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Wild at Sharks Preview: One last time

So long, regular season.

Feb 25, 2018; Saint Paul, MN, USA; San Jose Sharks forward Melker Karlsson (68) looks up at Minnesota Wild forward Mikko Koivu (9) in the third period at Xcel Energy Center. Brad Rempel-USA TODAY Sports

Game 82.

This is it for the season and what is there to say?

It’s been a weird year, that’s for sure. Looking back to game one, this team had a big question mark over them. What would they look like without Patrick Marleau? Was Joe Thornton healthy enough? Could the kids step up?

Were the Sharks still going to be able to be a contender, after everything?

The ways they've answered those questions have surprised and delighted us.

From the moment Marleau penned his name to a Maple Leafs contract, the mantra has been "Replacing him is a group effort." Sure, in theory, that seems simple enough, but we figured it would fall on the forwards to make up those 27 goals. Who could've expected career offensive numbers from multiple players on the blueline to fill that gap?

And Joe Thornton. Let's be honest with ourselves: the man wasn't healthy to start this year and that made us nervous. But he pressed on. His impact on this team is unquestionable and nearly irreplaceable.

Nearly. When down went Jumbo once again, just as he'd finally started looking like himself again, that hovering question mark loomed over the season again. The Sharks without Marleau and Thornton? Seemed like time to scrap the whole season and start hitting the John Tavares market.

Miraculously, Team Teal held on to the second place spot, even without their franchise center and winger. Doug Wilson knew it wasn't enough to just hold on, though.

Trade deadline acquisitions rarely impact a team the way one would hope. Eric Fehr didn't seem promising, but somehow solidified a fourth line that has been in flux all year. Evander Kane has easily had the most impact of any trade deadline move in the entire league. His point per game production has given us a glimpse into how this team can move forward in a future without Joe Thornton.

Part of that future is the kids. Chris Tierney, Tomas Hertl, Kevin Labanc, Timo Meier, Tim Heed, and Joakim Ryan have given us plenty to look forward to, as the Sharks do their best to stay competitive for as long as possible.

All of that has led to here. Game 82. It's been a long road. The one ahead is longer.

This Minnesota team isn't all too different. An aging core, franchise players coming back from injury, a newer coaching staff — there are certainly parallels. The Wild have scraped and clawed their way through this season and they're a worthy team to close out the year against.

The Sharks are a better team, though. Time to show them that.

Holes in the defense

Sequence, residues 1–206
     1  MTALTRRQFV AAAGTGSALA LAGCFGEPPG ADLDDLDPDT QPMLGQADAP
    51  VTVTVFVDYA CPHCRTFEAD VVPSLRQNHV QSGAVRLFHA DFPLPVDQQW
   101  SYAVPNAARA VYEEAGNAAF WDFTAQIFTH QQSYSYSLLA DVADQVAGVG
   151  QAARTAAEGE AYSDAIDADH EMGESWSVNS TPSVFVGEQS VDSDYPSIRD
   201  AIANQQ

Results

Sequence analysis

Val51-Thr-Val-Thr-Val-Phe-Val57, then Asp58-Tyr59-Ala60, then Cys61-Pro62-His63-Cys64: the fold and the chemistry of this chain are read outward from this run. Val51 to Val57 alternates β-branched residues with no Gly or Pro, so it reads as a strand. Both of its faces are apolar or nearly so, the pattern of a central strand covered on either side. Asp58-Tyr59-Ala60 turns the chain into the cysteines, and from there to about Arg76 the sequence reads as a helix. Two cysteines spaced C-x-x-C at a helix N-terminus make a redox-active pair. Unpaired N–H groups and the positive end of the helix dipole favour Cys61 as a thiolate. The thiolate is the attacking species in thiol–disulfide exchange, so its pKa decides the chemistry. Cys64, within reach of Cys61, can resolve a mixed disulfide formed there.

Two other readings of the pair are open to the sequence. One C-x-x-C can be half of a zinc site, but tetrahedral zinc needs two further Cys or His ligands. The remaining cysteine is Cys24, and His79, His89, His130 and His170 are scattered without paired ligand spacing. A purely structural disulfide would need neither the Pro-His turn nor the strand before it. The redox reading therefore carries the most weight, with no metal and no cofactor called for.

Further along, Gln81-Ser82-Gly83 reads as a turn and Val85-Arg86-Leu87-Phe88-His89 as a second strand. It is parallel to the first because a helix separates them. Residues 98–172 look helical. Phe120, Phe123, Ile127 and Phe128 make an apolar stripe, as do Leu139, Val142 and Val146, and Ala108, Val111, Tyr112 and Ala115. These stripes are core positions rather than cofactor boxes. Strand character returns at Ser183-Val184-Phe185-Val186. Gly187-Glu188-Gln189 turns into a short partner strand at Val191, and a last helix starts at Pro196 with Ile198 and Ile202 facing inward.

The poor Wild can’t catch a break when it comes to injuries. Top defenseman Ryan Suter is out with a fractured fibula and his 20+ minutes a night are some big minutes to cover. But it’s not just his minutes that the Wild’s blueline has to cover. Jared Spurgeon, the Marc-Edouard Vlasic of the Minnesota Hockey Club, is day-to-day with a partial tear in his right hamstring and did not make the road trip to California with the team. No doubt that Bruce Boudreau is resting a key piece of their defense before the postseason, but no Suter and no Spurgeon leaves a pretty good gap for the Sharks to work their way to the back of the net.

Home Ice

Not only is home ice in the playoffs on the line, but the Sharks have the home court advantage tonight. Minnesota has a 17-20-3 record when playing away from Xcel Energy Center, while the Sharks look pretty good with a 25-12-3 record at SAP Center. They’ve got to leverage that home ice advantage tonight to maintain that extra edge in the postseason.

Just a single point separates the Sharks (100) from the Ducks (99) and the Kings (98) aren’t out of the picture, either.

There’s a long list of scenarios with these three teams all so close, but here’s a few possible outcomes:

Sharks win, any outcome for Ducks and Kings — Sharks clinch second.

Sharks lose, Ducks lose in overtime, Kings win — tied at 100 points, the Kings have the ROW advantage (44) and would take second. Sharks would take third (ROW 40) and Ducks (ROW 39) would be in the first Wild Card spot.

Sharks lose, Ducks win, Kings win — Ducks (101) in second, Kings (100, ROW 44) in third, Sharks (100, ROW 40) in Wild Card.

Sharks lose in overtime, Ducks win — San Jose holds the tiebreaker, would still have second place

The bottom line? It’s still too close to give this one up.

Finish strong

There's still that one question looming over the Sharks: are they still contenders?

To answer a question with another question: After everything this season, how can they not be?

It's the last time we'll see the Sharks before that playoffs logo is on the ice. Emotions are high. While we can't wait for that playoff buzz, this game can't be brushed off. Get in, get it done, and we can come back for game one at SAP Center.

Bold prediction: The Sharks win, but Zach Parise catches the snitch. Are y'all still reading these at game 82?